(Published July 18, 2015)
I had to laugh when I saw the photo of my husband Eric beaming goofily as he held up a 20-pound yellowfin tuna. We’ve been through many happy times together, but I don’t think I’ve ever seen such an expression of pure joy on his face. For my guy that look is reserved for just a few things: his beloved Anaheim Ducks winning the Stanley Cup and landing a honkin’ big fish. Winning the lottery is probably right up there as well, but sadly we haven’t experienced that one yet.
Eric was among a group from the community, including Jeff Folick, Jerry Fukui, David Teragawa, Glenn Nakatani and Leiton Hashimoto, to take a five-day fishing trip from San Diego last week. Although it’s mostly men on these trips, Sharon Asato is a true champion angler and usually outfishes all the guys. It’s a great group and they always seem to come back loaded with freshly caught fish.
There is a tradition that takes place in the JA community when the fishing is good. The boats return and itadakimasu! — it’s time to eat sashimi. At JANM, the volunteers host a sashimi party a couple times every summer. Eric spent most of Monday and Tuesday driving around SoCal, delivering fish to friends and family.
I enjoy fishing, but my kind of fishing involves a reclining camping chair, a good book and a quiet lake in the Sierras. I like the soft tug, tug of a rainbow trout on the line. Ocean fishing is a whole other thing that requires strength, skill, and a strong stomach. Remarkably, Eric gets very seasick, but he doesn’t let that get in the way of his desire to fish on the open sea. I guess I’ll have to go out there again and see if I can catch a tuna. Jerry explained that there are times that you can toss a hot dog in the water and the fish will snap it up. That hasn’t been my experience so far, but hopefully one day I’ll get to experience that.
Year ago I would go fishing with a friend in Tokyo in the waters of Sagami Bay in Kanagawa Prefecture. With Fuji-san in the distance, we’d get to the boat before the sun rose to try the waters, doing a sort of hand fishing, where we’d repeatedly lower yards of thick line set with hooks and a canister filled with bait into the water. The captain would shout out how much line to let out and we spent the day quickly dropping and pulling up the line by hand. Using that method, we’d catch saba (mackerel), inada (yellowtail) and katsuo (skipjack), that I’d take back to my small 1K apartment to grill up.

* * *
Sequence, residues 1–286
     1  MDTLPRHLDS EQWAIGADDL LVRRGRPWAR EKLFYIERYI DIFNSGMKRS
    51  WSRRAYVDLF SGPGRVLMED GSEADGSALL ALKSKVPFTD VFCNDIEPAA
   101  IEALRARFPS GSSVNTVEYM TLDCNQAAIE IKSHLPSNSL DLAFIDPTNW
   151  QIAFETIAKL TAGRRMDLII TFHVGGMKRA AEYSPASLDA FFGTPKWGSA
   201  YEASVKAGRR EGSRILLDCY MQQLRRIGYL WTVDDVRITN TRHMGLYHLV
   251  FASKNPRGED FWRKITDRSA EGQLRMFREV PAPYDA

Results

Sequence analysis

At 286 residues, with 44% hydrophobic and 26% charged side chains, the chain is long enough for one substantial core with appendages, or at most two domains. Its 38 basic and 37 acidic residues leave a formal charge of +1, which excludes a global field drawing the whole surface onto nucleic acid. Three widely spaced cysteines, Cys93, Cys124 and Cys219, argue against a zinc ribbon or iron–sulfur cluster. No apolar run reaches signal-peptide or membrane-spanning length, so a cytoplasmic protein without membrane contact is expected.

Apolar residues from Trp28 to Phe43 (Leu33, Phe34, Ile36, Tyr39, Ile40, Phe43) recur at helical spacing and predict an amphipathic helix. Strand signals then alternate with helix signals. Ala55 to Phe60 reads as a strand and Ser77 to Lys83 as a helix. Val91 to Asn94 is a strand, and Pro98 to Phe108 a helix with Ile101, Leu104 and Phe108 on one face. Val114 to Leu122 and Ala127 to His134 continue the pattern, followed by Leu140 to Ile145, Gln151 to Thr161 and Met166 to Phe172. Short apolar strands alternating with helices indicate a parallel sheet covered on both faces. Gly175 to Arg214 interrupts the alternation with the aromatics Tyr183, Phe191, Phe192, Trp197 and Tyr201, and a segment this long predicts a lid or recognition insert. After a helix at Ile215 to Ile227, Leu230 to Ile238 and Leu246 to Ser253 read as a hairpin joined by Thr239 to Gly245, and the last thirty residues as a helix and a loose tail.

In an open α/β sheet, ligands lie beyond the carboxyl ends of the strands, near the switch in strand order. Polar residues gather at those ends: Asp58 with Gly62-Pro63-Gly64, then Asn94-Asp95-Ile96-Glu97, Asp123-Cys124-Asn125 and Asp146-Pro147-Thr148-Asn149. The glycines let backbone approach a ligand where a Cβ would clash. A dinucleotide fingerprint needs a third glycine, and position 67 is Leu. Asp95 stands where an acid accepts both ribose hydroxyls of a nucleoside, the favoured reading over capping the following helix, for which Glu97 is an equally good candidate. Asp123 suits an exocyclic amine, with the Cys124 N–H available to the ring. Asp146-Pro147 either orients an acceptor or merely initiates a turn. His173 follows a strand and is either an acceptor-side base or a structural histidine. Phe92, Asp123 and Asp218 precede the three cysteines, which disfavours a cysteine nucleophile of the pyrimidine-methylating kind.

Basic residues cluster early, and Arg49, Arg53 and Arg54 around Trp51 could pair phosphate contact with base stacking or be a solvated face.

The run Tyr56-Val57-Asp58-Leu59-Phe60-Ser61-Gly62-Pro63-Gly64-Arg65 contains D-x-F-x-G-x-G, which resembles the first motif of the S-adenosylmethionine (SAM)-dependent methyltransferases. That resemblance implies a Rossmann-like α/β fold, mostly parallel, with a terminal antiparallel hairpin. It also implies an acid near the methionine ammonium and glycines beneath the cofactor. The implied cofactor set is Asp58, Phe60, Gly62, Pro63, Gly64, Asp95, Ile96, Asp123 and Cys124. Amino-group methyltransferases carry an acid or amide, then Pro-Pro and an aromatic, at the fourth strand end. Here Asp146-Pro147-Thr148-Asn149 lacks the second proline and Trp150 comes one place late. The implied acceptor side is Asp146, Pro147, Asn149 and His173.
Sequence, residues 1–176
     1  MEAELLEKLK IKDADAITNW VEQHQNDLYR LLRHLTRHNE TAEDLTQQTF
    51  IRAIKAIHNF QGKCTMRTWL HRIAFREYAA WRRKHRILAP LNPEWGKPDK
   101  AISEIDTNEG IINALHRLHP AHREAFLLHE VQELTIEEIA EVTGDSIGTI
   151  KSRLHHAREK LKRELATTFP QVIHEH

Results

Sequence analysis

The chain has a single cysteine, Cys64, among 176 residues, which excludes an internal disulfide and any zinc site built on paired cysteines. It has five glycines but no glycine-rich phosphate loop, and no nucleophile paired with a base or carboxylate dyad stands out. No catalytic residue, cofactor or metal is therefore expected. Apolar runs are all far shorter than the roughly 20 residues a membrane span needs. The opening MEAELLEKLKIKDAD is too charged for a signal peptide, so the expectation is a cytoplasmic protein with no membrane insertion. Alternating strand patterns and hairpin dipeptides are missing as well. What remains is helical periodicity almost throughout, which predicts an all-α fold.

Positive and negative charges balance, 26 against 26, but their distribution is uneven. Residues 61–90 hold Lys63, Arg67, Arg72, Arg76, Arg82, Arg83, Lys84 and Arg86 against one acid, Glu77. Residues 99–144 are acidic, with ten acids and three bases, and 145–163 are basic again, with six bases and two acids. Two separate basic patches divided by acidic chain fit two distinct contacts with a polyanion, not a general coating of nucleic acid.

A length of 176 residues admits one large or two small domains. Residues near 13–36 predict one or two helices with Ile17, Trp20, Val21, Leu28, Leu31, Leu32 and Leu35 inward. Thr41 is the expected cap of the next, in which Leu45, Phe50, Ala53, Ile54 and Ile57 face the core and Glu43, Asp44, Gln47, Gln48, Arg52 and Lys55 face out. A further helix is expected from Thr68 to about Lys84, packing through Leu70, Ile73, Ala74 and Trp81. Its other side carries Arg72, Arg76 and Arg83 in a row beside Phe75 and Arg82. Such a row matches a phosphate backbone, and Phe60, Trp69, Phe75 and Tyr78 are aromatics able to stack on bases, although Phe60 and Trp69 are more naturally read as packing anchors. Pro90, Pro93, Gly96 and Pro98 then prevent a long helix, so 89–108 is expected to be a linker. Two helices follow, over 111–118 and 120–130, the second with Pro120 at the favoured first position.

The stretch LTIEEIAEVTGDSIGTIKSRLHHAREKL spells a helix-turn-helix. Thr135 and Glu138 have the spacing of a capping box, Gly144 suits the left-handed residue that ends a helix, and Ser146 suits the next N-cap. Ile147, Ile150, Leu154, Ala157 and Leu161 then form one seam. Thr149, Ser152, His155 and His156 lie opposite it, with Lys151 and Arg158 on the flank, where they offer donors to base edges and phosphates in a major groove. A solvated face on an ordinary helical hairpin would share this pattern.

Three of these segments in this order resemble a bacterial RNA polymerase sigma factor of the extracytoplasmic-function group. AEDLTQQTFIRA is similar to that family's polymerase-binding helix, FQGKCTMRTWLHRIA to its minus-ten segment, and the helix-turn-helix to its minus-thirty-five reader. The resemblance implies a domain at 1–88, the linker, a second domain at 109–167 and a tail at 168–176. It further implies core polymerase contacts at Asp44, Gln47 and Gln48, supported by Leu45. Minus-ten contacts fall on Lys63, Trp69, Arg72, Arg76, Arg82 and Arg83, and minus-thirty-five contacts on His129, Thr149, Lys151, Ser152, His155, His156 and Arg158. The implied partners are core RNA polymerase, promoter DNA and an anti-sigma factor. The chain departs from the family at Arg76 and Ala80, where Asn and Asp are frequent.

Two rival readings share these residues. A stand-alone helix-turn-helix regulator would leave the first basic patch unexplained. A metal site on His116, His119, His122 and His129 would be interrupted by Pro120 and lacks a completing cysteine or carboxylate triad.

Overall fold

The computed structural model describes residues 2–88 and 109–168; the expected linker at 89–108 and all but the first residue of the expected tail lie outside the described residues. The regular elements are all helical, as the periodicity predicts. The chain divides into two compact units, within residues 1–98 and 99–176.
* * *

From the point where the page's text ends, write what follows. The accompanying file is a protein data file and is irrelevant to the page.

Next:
These days — I dunno — open water fishing just seems like so much work. But I do enjoy the results. The other night, I sliced up some of the sashimi and enjoyed it with a bowl of hot gohan and some fresh cucumbers and tomatoes grown by Norm Naritoku. It was so simple and good, and I’m glad that my husband is such a good fisherman.
Now that I think about it, there is a Japanese term for guys like Eric: tsuribaka or fishing fool. Judging by the sports page of The Rafu there are an awful lot of tsuribaka in this community.
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How’s Horse? Did you get rid of Horse? I get a lot of questions for George Yoshinaga, who has not been feeling well of late. I still go to visit twice a week on our usual schedule, but lately he has not had a column for pick-up. Horse certainly doesn’t need me to put words in his mouth, but I do know that he is eager to return to writing.
One thing I can say is, Happy Birthday Horse! George will turn 90 this Sunday and I can imagine the things he would write about reaching such a momentous age. If readers would like to send him a greeting, they can be sent to the Rafu office at 701 E. Third St., Suite 130, Los Angeles 90013 or you can email him directly at [email protected] His computer has been acting up again, so I’m not sure if he’s able to receive emails.
Horse hasn’t been able to write lately, but I do know he is reading The Rafu and continues to appreciate the support of all of his fans.
“I think Rafu looks different lately,” Horse told me today.
Well of course, Horse! It’s because you’re not here.
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Dizzy might be the word to describe the feeling lately with all the changes in the JA community. No sooner did Keiro and Mikawaya announce that they had been acquired by outside entities, then Marukai in Gardena’s Pacific Square notified customers that they would shut down on Aug. 2.
Those of us old enough to remember when it was Meiji Market can hardly imagine that the space would become vacant, but it probably makes sense if the company is consolidating and the main Marukai is only a few miles away. There are too many Japanese and Japanese American consumers in the immediate vicinity for that store to remain empty for long.
Family-run businesses do more than provide goods, they also help create a community. They support the local Little League team, buy ads in the high school yearbook, donate raffle prizes, or as in the case of Frances Hashimoto and Mikawaya, provide manju for community meetings. That often goes away when a business is bought out by an outside group more interested in future growth than playing a role in creating a community.
I guess the old adage is true: the only thing that is constant is change.
Gwen Muranaka, English editor-in-chief of The Rafu Shimpo, can be contacted at [email protected] Opinions expressed are not necessarily those of The Rafu Shimpo.